Let Us Take a Closer Look at the Great Britain Taekwondo Club

Great Britain have had a lot of recent success in Taekwondo and this is down to the GB Taekwondo Club. You can find out more here.

Established back in 2002, Great Britain Taekwondo is responsible for the management, performance, and preparation of British athletes at the European Championship, World Championship, Paralympic Games, and the Olympic Games. We are based in Manchester, and with the help of funding from the National Lottery, we have train up to 30 athletes at a time.


We Host Regular Events

Great Britain Taekwondo hosts regular events to give all of our athletes that chance to show off their talents as well as benefit from some home advantage. In 2017 we hosted the Para World Taekwondo Championships and in 2019 we hosted the World Taekwondo Championships. In 2021, we are going to host the Gran Prix and in 2023 we will be hosting the World Taekwondo Grand Prix Final.

What Our Mission Is

We have one main mission and that is to provide talented athletes with logical and factual support so that they can release their full potential at some of the biggest competitions in the world such as the European Championship, World Championship, and the Olympic Games. Since Great Britain won out very first gold medal at the World Championship in 2001, the British Taekwondo team has continued to enjoy plenty of success on the world stage, such as securing our first ever Olympic medal at the 2008 Olympic Games in Beijing before we went on to win gold and bronze medals in 2012, and bronze, silver, and gold medals at the 2016 Olympic Games.

Meet the Athletes

Below you can find out about a few of our successful British Taekwondo athletes.

Jade Jones

At the age of just 19, at the 2012 Olympics in London, Jade Jones made history when she became our first ever Taekwondo athlete to pick up a gold medal. She was later awarded an MBE by the Queen for her achievements. Since then she went on to pick up a Commonwealth title and a gold medal at the European Championship. However, she was not done there. She became a double Olympic Champion by defending her title at the 2016 Olympic Games in Rio.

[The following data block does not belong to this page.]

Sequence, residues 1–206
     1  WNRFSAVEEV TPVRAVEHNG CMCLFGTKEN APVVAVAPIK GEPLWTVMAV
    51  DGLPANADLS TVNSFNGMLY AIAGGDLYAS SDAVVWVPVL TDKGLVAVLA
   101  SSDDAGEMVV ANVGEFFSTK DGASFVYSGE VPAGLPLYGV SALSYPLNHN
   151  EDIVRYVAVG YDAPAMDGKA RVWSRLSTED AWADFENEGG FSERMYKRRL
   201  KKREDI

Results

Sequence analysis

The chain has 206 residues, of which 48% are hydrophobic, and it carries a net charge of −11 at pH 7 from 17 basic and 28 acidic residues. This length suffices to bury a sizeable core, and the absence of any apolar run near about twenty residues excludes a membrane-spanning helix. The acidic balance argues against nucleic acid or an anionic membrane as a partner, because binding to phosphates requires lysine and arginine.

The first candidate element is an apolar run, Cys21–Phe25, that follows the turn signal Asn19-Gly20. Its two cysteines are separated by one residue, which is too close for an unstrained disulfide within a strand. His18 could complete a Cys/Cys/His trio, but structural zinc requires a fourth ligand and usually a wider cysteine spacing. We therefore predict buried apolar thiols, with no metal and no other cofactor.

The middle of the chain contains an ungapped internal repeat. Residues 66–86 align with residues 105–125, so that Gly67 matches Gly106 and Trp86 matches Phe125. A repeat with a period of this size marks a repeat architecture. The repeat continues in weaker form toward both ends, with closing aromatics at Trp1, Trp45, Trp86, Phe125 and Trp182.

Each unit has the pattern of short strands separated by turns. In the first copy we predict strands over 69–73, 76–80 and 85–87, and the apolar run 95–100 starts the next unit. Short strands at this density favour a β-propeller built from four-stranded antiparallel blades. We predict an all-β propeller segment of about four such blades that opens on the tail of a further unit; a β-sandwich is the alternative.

Mahama Cho

Mahama has been a member of the British Taekwondo team for many years now, and he is well known for having a strong punch. His legacy started when he was selected as a wild card at the first Manchester Grand Prix back in 2013, which he went on to win the gold medal. This win meant that he earned the right to fight at the other events in that series. Since then, he has increased his medal tally by fighting at the Paris, Swiss, and Luxor Opens. In 2014, he competed in the Gran Prix series and picked up a silver and bronze medal. He qualified to compete at the Olympics in 2016, but he agonisingly missed out on picking up a medal as he finished fourth. In 2017, he picked up at a silver medal at the World Championships, and this was followed by him winning gold at World Taekwondo Grand Prix in Rabat.


Betting on Taekwondo

Nowadays, you can bet on basically any sport and Taekwondo is no exception to this rule. At the moment, betting lines for the 2021 Olympics in Tokyo are still not confirmed as fighters are still taking part in qualifying rounds, but these will be up closer to the time. However, according to Taekwondo World Rankings, Vladislav Larin is the one that you should keep an eye on in the heavyweight division and he is followed closed by South Korea’s Kyo-don.

Betting on this sport is pretty straightforward as there are not usually a wide variety of markets available for Taekwondo. Most of the time you will only be able to bet on who you think will win a fight - although sometimes you might come across a bookie that gives you the chance to bet on whether one fighter will knock their opponent out. Before you place your bet on a fighter to win, you should do a bit of homework and check out what type of form they are in. If you just go ahead and place blind bets, then you are most likely going to lose whatever bet you place.

Source: http://www.gbtaekwondo.co.uk/athlete/mahama-cho/

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